SV Context Propagation

Context Propagation is for a future version of SV. It requires one Major opcode in some cases.

The purpose of Context Propagation is a hardware compression algorithm for 64-bit prefix-suffix ISAs. The prefix is separated from the suffix and, on the reasonable assumption that the exact same prefix will need to be applied to multiple suffixes, a bit-level FIFO is given to indicate when a particular prefix shall be applied to future instructions.

In this way, with the suffixes being only 32 bit and multiple 32-bit instructions having the exact same prefix applied to them, the ISA is much more compact.

Put another way: svp64 context is 24 bits long, and Swizzle is 12. These are enormous and not sustainable as far as power consumption is concerned. Also, there is repetition of the same contexts to different instructions. An idea therefore is to add a level of indirection that allows these contexts to be applied to multiple instructions.

The basic principle is to have a suite of 40 indices in a shift register that indicate one of seven Contexts shall be applied to upcoming 32 bit v3.0B instructions. The Least Significant Index in the shift register is the one that is applied. One of those indices is 0b000 which indicates "no prefix applied". Effectively this is a bit-level FIFO.

A special instruction in an svp64 context takes a copy of the RM[0..23] bits, alongside a 21 bit suite that indicates up to 20 32 bit instructions will have that RM applied to them, as well as an index to associate with the RM. If there are already indices set within the shift register then the new entries are placed after the end of the highest-indexed one.

0.5 6.8 9.10 11.31 name
OP MMM ?-Form
OP idx 000 imm

Four different types of contexts are available so far: svp64 RM, setvl, Remap and swizzle. Their format is as follows when stored in SPRs:

0..3 4..7 8........31 name
0000 0000 RM[0:23] svp64 RM
0000 0001 setvl[0:23] setvl VL
0001 0 mask swiz1 swiz2 swizzle
0010 brev sh0-4 ms0-5 Remap
0011 brev sh0-4 ms0-4 SubVL Remap

There are 4 64 bit SPRs used for storing Context, and the data is stored as follows:

  • 7 32 bit contexts are stored, each indexed from 0b001 to 0b111, 2 per 64 bit SPR and 1 in the 4th.
  • Starting from bit 32 of the 4th SPR, in batches of 40 bits the Shift Registers (bit-level FIFOs) are stored.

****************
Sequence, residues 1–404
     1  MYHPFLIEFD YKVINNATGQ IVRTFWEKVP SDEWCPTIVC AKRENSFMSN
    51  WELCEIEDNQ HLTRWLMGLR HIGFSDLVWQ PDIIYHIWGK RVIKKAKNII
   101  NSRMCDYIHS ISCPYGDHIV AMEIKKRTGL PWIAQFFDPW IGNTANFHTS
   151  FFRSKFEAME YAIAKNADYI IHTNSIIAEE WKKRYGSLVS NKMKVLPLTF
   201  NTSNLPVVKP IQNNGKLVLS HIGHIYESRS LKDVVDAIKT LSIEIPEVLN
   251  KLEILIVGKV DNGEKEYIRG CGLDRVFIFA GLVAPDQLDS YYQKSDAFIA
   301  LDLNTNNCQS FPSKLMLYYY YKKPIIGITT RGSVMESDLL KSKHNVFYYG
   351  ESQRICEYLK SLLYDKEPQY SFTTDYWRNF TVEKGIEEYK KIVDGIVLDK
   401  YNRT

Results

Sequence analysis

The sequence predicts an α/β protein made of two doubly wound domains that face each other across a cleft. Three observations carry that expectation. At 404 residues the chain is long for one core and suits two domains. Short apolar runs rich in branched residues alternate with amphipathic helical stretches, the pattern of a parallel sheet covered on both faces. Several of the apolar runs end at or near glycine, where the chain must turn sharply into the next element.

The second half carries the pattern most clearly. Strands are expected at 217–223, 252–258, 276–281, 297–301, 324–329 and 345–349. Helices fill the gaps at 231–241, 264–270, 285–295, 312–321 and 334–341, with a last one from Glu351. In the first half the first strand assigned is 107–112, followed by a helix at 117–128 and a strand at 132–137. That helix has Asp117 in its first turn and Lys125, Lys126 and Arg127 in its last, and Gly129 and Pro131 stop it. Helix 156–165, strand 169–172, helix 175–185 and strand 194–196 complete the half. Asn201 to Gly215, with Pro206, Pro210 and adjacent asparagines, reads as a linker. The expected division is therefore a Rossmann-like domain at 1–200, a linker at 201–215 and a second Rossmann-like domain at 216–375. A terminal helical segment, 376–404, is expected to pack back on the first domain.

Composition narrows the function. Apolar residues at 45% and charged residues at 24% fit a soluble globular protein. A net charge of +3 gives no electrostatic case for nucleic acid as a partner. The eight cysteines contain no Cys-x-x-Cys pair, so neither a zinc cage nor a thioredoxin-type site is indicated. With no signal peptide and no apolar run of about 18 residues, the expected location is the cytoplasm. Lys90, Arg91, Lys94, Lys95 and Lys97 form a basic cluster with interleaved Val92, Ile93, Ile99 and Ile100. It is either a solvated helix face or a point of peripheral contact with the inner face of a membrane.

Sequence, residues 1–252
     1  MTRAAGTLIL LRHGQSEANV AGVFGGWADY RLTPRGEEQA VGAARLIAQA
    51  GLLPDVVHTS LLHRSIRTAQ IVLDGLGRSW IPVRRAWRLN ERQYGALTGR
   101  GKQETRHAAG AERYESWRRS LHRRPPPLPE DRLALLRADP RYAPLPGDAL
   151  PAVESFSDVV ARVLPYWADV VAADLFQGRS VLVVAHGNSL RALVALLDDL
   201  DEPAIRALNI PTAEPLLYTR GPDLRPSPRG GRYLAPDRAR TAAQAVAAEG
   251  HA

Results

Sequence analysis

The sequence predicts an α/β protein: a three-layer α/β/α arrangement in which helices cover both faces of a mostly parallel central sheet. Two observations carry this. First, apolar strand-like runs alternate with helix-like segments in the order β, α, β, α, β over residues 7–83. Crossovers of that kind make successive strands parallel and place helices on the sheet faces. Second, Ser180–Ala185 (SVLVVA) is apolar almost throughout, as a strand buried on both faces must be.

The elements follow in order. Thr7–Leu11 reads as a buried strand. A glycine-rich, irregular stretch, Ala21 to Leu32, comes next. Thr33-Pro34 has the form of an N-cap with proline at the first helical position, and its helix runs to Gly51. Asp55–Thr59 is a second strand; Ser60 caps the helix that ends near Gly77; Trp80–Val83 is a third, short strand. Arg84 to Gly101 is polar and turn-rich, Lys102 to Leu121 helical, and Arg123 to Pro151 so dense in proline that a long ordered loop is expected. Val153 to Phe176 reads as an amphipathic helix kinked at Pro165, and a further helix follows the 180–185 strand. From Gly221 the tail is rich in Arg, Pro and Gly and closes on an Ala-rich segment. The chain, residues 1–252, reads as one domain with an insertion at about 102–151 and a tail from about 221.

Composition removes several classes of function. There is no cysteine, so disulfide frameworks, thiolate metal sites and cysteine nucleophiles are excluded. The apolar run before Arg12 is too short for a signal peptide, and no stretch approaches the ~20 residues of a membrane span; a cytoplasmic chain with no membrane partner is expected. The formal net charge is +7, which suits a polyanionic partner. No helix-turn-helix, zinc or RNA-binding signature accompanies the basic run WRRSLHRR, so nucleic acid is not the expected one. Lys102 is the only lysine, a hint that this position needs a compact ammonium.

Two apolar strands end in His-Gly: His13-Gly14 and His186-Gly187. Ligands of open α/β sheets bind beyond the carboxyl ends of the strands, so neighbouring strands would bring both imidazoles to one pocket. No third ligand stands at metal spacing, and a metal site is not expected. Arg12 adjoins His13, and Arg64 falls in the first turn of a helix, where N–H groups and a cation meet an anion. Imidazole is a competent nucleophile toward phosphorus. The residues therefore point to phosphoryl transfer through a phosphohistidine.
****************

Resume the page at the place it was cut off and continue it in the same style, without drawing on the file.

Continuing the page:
0            31 32         63
    SVCTX0   context 0       context 1
    SVCTX1   context 2       context 3
    SVCTX2   context 4       context 5
    SVCTX3   context 6       FIFO0[0..31]
    SVCTX4   FIFO0[32:39]   FIFO1[0:39] FIFO2[0:15]
    SVCTX5   FIFO2[16:39]   FIFO3[0:39] FIFO4[0:7]
    SVCTX5   FIFO4[8:39]    FIFO5[0:39] FIFO5[0:15]
    SVCTX6   FIFO5[16:39]   FIFO6[0:39] FIFO7[0:7
    SVCTX7   FIFO7[16:39]

When each LSB is nonzero in any one of the seven Shift Registers the corresponding Contexts are looked up and merged (ORed) together. Contexts for different purposes however may not be mixed: an illegal instruction is raised if this occurs.

The reason for merging the contexts is so that different aspects may be applied. For example some RM contexts may indicate that predication is to be applied to an instruction whilst another context may contain the svp64 Mode. Combining the two allows the predication aspect to be merged and shared, making for better packing.

These changes occur on a precise schedule: compilers should not have difficulties statically allocating the Context Propagation, as long as certain conventions are followed, such as avoidance of allowing the context to propagate through branches used by more than one incoming path, and variable-length loops.

Loops, clearly, because if the setup of the shift registers does not precisely match the number of instructions, the meaning of those instructions will change as the bits in the shift registers run out! However if the loops are of fixed static size, with no conditional early exit, and small enough (40 instructions maximum) then it is perfectly reasonable to insert repeated patterns into the shift registers, enough to cover all the loops. Ordinarily however the use of the Context Propagation instructions should be inside the loop and it is the responsibility of the compiler and assembler writer to ensure that the shift registers reach zero before any loop jump-back point.